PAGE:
Conversion optimization- a five-step methodology

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It’s all too easy to see online marketing in terms of the number of visitors that a search optimization strategy or an ad campaign generates over the course of a week or a month. And of course, it’s a numbers game. If your conversion rate runs at, say, 4.0% and your marketing campaign raises the average number of daily visits from 100,000 to 150,000 then you’re going to see a significant upturn in sales.  

But it’s important not to forget the other side of the equation – namely the conversion rate itself. Online marketing spend has been spiralling ever higher over the last few years, not least because businesses are diverting funding from more traditional channels. But competing with rivals in areas such as display advertising, social media campaigning and even SEO can be an expensive way to drive revenues. So it’s vital that when customers come to your site, you also take steps to secure the best possible conversion rates.

There are, of course, a lot of factors at play here, not least pricing. However, when you begin to look at the site itself the chances are that you’ll discover issues that effectively put up small or large barriers to conversion. These barriers range from poorly designed pages that customers find difficult to navigate to software components that are either functioning badly or presenting usability problems.

To a greater or lesser degree, all sites have barriers of this type and it’s essential to find and rectify them in order to optimize conversion rates. Or to put it another way, you know how many customers are dropping off before conversion – the stats will tell you that – but what you really need to understand is why they are doing so and the impact on revenues. Once you do know that you can fix the problems.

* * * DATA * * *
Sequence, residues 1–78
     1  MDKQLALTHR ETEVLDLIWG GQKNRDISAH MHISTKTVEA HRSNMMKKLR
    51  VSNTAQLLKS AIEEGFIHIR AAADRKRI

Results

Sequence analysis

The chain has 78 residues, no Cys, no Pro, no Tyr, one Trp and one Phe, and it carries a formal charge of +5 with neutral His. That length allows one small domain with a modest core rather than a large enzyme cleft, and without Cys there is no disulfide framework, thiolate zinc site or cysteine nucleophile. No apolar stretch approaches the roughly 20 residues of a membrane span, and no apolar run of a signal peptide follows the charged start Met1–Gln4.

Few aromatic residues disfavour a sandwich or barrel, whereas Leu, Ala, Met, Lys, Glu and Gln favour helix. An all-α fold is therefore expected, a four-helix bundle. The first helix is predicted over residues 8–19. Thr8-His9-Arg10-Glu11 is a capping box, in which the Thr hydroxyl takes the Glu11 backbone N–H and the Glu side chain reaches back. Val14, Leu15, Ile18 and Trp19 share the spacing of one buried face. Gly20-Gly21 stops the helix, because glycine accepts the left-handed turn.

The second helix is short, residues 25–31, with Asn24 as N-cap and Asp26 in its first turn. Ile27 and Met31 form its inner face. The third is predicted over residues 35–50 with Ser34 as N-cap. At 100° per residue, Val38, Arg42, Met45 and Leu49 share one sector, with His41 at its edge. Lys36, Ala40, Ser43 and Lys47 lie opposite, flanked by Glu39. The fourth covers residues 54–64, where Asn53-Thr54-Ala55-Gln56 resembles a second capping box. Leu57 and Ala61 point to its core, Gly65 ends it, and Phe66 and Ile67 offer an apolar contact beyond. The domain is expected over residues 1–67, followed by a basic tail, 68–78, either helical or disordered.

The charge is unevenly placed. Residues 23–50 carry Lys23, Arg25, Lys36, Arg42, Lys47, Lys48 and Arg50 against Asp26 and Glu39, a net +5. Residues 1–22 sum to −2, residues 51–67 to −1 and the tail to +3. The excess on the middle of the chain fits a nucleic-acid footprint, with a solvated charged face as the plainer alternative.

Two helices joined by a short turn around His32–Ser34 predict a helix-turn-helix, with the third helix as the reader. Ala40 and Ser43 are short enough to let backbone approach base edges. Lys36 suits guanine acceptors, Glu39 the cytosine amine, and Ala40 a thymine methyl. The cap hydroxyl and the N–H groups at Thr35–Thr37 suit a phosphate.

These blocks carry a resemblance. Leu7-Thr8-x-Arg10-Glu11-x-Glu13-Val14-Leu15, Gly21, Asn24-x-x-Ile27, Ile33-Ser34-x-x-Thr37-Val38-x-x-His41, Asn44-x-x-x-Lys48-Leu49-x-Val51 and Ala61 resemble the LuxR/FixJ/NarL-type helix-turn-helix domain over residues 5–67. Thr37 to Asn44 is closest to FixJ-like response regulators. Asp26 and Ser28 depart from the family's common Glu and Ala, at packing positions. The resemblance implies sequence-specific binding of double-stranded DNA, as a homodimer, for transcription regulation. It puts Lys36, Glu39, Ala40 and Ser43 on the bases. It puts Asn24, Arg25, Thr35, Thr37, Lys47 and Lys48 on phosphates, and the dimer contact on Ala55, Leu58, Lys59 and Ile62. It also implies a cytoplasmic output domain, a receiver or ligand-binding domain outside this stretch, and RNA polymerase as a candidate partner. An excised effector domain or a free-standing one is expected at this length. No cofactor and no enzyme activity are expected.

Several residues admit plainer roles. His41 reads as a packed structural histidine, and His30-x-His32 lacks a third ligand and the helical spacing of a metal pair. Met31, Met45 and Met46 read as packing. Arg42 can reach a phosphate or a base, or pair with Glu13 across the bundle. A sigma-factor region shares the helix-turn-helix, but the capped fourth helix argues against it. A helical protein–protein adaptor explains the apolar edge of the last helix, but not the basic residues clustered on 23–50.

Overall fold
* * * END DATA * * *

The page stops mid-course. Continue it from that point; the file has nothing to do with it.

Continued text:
UserReplay offers a five-step process for this:

Active Insight Methodology

1) Discover the problem

The first step is discovery. UserReplay enables you to capture and then replay customer journeys, page by page through the site. This provides a hugely powerful means to see the site as the customer sees it. And in particular it allows you to observe how the customer interacts with the various components – including page design, fields, forms, shopping carts – and identify where problems are arising. 

2) Analyze the impact

Not all the issues you identify will be major in terms of their impact on conversion rates and sales. Resources in all organizations are limited, so it’s important to assess the impact of the barriers that customers encounter and prioritise those that are having the most detrimental effect on revenues and perception of the brand. This can be done through the analytics tools packaged within UserReplay.

3) Rectify the problem

Once the priorities have been decided the next stage is to rectify the problems that are most pressing. This may involve a relatively simple redesign of a particular page or more time-consuming software writing. However, by identifying the problem quickly (by effectively using customers as site testers) the whole process of putting things right is much faster than it would normally be. Where a customer has a bad experience this is not wasted, the problem journey is captured with sufficient detail to rectify the problem without the time consuming process of replicating it in testing.

4) Track the results

At this stage you know that a particular issue has been addressed but you don’t necessarily know what impact this will have on future customer journeys. As such it’s important to track the journeys of customers to ensure problems don’t occur again and the proposed fix has been effective.

5) Share what you’ve learned

And finally it’s essential to share the insights from the above process within the organization, not least to improve design and coding over the longer term.

What this process provides is a methodical and evidence-based means to spot, quantify and fix barriers to conversion within a site and it can have a rapid impact in the form of higher conversion rates.

Photo: Highways Agency/ flickr cc